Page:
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Economic conditions are improving for many employers, with confidence rising amid signs of recovery in the energy industry – that could in turn lead to an increase in the use of employee share schemes and other forms of employee incentivisation.

As part of the Government’s initiative to encourage transparency and accountability for those controlling a company, the Small Business, Enterprise and Employment Act 2015 (2015 Act) will introduce restrictions on the appointment and continued use of corporate directors.

The current position under UK company law is that at least one director on the board of a company must be a natural person. Subject to this requirement, any legal person, including a company or a limited liability partnership, may be a director of the company.

Operators are increasingly revisiting long standing contracts with the supply chain, to identify instances where financial provisions in the arrangement designed to save them money have not been properly enforced in the past. 

During better times, it appears these rebates and arrangements were sometimes ignored by the operators and contractors alike.

With effect from today’s date, there is a fundamental change for all UK companies in terms of the legal requirement to maintain their company books (or to give them their more official title “statutory registers”) which will allow all companies the option to keep their books on a brand new electronic central register maintained at Companies House.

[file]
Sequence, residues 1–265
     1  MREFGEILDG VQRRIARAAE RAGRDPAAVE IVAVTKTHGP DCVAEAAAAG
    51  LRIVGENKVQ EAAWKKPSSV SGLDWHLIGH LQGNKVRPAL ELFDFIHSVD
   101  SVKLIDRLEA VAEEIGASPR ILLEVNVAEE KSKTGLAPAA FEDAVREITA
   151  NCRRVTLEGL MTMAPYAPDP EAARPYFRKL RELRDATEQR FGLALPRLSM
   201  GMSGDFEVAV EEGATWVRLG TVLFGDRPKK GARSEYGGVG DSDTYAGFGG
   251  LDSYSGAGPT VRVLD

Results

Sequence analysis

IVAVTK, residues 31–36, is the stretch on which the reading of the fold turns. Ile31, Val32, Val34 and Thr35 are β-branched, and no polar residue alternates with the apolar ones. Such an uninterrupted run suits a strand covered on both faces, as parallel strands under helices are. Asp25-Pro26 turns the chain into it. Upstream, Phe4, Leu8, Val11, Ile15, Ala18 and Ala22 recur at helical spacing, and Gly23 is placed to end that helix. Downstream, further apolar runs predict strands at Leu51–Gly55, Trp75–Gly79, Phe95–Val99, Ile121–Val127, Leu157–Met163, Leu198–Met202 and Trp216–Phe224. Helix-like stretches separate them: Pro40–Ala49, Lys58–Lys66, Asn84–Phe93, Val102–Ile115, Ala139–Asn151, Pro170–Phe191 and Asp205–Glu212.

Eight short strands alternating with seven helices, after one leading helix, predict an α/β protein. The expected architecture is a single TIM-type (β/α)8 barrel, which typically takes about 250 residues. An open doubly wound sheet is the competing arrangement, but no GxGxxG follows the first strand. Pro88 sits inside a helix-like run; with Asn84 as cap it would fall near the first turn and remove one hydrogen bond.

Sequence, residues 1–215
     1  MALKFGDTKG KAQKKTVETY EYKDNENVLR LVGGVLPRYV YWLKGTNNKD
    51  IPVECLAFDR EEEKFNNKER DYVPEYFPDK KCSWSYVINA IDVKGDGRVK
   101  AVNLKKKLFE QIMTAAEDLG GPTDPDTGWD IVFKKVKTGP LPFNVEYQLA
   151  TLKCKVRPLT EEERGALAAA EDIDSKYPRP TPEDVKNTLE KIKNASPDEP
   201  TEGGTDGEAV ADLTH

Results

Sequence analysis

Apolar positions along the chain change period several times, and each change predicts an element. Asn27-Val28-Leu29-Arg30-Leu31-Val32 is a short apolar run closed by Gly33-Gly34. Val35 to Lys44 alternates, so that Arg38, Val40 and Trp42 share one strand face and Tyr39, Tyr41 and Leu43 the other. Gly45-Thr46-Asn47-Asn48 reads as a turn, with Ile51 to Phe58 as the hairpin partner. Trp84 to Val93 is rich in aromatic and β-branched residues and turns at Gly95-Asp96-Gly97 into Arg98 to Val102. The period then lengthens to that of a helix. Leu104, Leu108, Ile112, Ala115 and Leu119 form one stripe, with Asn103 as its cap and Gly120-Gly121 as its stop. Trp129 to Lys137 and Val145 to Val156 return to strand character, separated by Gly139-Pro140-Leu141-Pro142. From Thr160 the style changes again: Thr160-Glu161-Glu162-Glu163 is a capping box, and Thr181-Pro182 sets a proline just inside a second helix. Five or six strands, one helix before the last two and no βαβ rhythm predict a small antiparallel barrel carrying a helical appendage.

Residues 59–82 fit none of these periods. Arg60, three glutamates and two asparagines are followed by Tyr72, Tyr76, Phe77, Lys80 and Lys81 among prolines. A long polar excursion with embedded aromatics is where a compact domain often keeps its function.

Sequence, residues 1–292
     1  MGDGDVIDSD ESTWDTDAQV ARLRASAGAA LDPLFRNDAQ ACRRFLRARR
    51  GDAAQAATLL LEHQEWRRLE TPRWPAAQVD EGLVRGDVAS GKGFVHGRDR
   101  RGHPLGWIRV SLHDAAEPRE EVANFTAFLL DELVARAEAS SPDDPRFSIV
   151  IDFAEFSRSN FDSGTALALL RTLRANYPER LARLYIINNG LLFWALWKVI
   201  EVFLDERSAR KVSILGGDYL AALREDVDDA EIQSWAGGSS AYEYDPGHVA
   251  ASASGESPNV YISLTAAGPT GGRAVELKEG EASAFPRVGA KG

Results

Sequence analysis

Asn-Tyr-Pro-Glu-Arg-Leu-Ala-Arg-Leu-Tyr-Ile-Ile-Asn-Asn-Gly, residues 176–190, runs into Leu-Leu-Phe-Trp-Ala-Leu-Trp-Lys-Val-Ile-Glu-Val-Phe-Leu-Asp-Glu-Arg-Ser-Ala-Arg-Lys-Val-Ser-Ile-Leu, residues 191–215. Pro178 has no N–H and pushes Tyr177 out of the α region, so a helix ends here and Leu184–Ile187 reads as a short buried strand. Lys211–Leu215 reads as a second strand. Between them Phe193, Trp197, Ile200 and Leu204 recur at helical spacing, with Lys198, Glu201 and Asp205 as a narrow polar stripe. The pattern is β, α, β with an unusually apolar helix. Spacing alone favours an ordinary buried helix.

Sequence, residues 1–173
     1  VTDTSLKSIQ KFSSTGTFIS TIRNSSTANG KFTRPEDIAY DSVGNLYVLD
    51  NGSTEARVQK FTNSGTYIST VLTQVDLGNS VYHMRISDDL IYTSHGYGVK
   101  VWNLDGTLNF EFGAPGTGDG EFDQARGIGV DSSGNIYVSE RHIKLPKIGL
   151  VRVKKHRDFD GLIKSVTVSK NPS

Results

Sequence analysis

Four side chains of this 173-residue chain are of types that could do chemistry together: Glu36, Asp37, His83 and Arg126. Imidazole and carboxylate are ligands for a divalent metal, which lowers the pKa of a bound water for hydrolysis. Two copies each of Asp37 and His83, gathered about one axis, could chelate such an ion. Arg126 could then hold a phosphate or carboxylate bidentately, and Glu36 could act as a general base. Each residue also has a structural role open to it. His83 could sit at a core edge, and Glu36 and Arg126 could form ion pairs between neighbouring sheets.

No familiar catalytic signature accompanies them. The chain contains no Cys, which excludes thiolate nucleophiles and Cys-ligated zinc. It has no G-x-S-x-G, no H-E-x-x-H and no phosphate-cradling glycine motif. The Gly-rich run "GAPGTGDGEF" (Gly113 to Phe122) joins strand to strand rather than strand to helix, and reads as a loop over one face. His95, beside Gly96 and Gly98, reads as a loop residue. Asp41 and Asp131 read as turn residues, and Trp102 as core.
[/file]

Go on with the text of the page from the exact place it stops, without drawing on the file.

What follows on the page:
The aim of the new legislation is to allow greater transparency and ease the administrative burden particularly on smaller private companies. However, there is some doubt as to the real benefit in signing up to the new central public register and for many companies doing so could lead to greater issues. The new register comes into existence with effect from 30th June 2016 and all UK companies, whether you are a one man band or a large corporate, will need to make a decision whether to sign up or not.

LAWS making it easier to enforce the protection of trade secrets will be rolled out across Europe, bringing the EU as a whole more in line with the law in the UK and bringing with it greater protection in some EU countries.

The Trade Secrets Directive was finally adopted by The Council of the European Union at the end of May. It will harmonise the law on trade secrets and the rules on the unlawful acquisition, disclosure and use of trade secrets throughout the EU.

From 6 April 2016, with a few exceptions, all UK companies will require to keep a register of persons of significant control (PSC Register). 

The Small Business, Enterprise and Employment Act 2015 came into force in March, amending the Companies Act 2006, to create this requirement which aims to increase the transparency of UK corporate structures.  The requirement extends to companies with charitable status and unlimited companies, but most publically traded companies will be exempt.  LLPs will be subject to substantially similar requirements under separate regulations.

Chambers UK 2018

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